“Cross the river by feeling the stones” is a Chinese proverb that the Reserve Bank of India (RBI) seems to be trying to follow by adopting the path of experimentation and incremental liberalisation.
Cleaning non-performing assets (NPAs) from the banking system is a key area where this mechanism is being applied. The period from 2011 to 2015 witnessed a surge in bad loans with NPAs rising from 2.6 per cent of gross advances to 4.62 per cent. We are no strangers to the domino effect a single bank’s collapse can have on a country’s economy and even the global economy.
Asset Reconstruction Companies (ARCs) play an important role in ‘de-stressing’ the banking sector by acquiring illiquid loans from banks and relieving banks of the NPA burden, thus bringing in greater liquidity in the overall financial system. Despite the important role played by ARCs, the sector has been plagued by several hurdles that include funding constraints at the ARC level and an unclear tax regime.
With the RBI mandate to increase the skin in the game of the ARC by investing 15 per cent in the security receipts (SRs) issued by ARC trusts, the ARCs need continuous funding to build a strong book size with sustainable growth. Further, under the current law, a sponsor can invest only a maximum of 49 per cent in the ARC, requiring the ARC to perpetually keep seeking new investors. Due to capital adequacy constraints, the fundraising at the ARC level also needs to be largely equity oriented as against debt funding.
Taxation of trusts remains one of the most litigious areas under the Indian tax regime and ARC trusts face several tax challenges such as characterisation of income, taxability at the trust level vis-à-vis investor level and issues in claiming of tax credit by investors, etc.
As a consequence, there are only about 15 ARCs registered with the RBI as of date. Even amongst them, only two-three players account for more than two-thirds of total assets of ARCs.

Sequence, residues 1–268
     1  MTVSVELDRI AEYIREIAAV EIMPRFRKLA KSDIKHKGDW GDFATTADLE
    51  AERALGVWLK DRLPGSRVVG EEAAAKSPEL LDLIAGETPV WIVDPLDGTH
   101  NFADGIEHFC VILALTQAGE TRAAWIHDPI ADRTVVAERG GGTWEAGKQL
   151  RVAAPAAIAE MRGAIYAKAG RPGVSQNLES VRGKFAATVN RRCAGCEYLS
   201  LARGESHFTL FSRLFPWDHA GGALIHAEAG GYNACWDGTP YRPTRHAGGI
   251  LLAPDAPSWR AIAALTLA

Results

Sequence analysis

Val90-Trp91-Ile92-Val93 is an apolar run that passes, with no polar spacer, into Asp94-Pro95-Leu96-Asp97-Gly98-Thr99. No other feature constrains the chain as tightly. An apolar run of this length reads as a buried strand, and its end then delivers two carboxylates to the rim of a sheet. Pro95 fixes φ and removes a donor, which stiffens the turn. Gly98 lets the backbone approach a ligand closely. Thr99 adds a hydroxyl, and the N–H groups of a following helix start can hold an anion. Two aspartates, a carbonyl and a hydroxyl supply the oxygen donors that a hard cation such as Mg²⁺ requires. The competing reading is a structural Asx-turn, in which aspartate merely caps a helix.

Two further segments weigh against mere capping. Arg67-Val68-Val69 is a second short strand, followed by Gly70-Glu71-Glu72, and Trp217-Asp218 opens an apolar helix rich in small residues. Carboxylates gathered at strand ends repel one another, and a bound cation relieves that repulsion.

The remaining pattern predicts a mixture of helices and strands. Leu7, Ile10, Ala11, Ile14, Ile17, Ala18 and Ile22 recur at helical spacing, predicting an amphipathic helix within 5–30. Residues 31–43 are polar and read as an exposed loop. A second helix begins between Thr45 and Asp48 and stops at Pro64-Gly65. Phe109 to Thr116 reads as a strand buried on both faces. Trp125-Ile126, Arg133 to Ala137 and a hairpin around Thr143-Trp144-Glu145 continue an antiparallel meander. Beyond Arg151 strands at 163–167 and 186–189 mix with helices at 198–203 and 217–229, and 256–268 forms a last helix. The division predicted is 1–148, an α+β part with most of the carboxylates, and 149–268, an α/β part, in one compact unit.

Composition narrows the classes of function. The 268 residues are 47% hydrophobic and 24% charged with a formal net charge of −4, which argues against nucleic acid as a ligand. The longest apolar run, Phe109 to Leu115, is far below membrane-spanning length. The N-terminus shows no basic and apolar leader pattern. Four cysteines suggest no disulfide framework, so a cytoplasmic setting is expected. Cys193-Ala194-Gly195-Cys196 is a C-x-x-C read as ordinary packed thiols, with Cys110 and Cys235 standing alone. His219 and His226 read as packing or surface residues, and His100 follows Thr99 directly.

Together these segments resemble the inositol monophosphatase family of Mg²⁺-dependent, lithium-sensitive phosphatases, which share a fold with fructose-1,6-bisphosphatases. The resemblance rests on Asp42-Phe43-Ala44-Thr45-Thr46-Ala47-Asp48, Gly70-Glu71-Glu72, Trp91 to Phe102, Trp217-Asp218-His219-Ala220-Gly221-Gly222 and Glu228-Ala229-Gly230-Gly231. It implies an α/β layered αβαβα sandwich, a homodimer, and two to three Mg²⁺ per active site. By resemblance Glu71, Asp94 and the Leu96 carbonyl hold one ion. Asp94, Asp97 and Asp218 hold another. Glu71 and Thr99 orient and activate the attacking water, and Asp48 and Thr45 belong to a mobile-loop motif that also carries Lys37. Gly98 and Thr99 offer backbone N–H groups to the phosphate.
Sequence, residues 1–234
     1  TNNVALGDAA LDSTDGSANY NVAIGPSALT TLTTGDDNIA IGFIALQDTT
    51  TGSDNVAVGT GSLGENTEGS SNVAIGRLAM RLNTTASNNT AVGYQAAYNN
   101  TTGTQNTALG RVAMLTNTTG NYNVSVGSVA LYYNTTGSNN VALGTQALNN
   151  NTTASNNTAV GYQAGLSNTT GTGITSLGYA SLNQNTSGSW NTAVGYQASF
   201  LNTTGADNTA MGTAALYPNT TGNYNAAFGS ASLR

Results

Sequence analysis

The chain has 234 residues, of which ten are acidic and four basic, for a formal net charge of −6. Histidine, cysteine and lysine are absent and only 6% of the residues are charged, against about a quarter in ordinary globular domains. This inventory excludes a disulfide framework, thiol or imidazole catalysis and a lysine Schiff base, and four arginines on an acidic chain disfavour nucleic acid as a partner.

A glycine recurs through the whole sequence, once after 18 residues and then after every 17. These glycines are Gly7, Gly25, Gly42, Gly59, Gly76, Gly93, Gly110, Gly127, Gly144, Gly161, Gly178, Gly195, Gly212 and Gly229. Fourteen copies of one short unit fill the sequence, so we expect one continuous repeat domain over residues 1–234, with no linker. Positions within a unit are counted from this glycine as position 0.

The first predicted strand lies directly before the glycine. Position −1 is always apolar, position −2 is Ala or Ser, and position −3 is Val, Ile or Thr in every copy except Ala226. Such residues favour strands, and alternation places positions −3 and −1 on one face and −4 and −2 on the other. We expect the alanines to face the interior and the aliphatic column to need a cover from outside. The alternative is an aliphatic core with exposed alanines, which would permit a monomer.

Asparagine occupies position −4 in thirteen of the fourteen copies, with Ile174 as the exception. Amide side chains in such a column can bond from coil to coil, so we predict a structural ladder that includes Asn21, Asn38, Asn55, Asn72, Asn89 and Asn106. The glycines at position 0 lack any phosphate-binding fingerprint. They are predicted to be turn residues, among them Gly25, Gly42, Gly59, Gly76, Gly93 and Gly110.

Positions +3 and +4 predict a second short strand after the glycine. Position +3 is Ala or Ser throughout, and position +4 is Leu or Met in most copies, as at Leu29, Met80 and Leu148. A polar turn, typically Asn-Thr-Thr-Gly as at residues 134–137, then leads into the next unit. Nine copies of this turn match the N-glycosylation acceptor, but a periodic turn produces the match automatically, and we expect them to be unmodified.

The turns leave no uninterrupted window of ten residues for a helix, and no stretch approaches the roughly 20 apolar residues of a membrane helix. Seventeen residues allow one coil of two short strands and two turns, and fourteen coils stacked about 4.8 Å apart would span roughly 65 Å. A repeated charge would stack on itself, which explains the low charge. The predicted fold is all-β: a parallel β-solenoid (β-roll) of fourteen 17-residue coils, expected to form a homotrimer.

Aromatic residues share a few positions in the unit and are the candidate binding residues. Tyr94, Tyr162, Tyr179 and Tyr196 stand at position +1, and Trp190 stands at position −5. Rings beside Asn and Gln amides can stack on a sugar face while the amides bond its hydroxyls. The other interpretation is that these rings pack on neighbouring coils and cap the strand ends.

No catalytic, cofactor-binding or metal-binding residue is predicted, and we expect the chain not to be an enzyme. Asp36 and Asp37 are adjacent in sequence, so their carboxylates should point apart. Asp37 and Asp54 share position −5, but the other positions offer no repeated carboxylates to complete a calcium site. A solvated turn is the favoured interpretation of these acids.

The Union Budget 2016 has brought out a slew of reforms to boost the ARC sector and, in turn, release the locked NPAs from the banking system. Now, 100 per cent foreign direct investment (FDI) in ARCs will be permitted through the automatic route. Further, foreign portfolio investment is proposed to be allowed up to 100 per cent of each tranche in security receipts issued by ARCs. This should prove to be a game-changer as it will enable ARCs to bring in unrestricted foreign investment.
This also paves the way for several institutional foreign players to set up presence in this sector without the need to partner with an Indian resident. This will enable them to replicate and bring in global best practices to the distressed assets space in India especially since such players have enormous exposure in the securitisation business across the globe.
Removing the cap on sponsor investment will provide flexibility to existing sponsors to scale up their funding and acquire majority control in the ARCs. The Budget also proposes to open the investment in SRs to retail investors, which will significantly broaden the funding avenues for ARCs and create an active secondary market for SRs.
As far as the tax regime is concerned, while the government has not granted any tax rebate to the sector, it has removed the ambiguity in taxation of ARC trusts by bringing in a clear tax regime. Under the new regime, income earned by the ARC trust shall be exempt from tax in the hands of the ARC trust and taxable directly in the hands of the investors. Instead of levying tax on distribution, the ARC trust is now required to deduct tax at source on the income payable to each investor, enabling investors to take credit of such taxes deducted.
With these regulatory and tax announcements in the Budget, the government has acceded to the long-awaited demands of the ARC industry. This should translate into increased investment in this sector by the existing sponsors themselves as well as foreign investors. This should also result in global players entering this business segment leading to replication of global best practices to the ARC industry in India.
It should also free up the banking system from stressed assets and consequently foster greater credit generation in the economy. The focus should now get enhanced towards streamlining the pricing process by banks and bringing greater transparency in the auction process for NPAs along with judicial reforms so that the ARC sector can realise its true potential in the Indian economy.
Anish Sanghvi is partner, Mayur Gala is director and Dhawal Vora is assistant manager at PwC.
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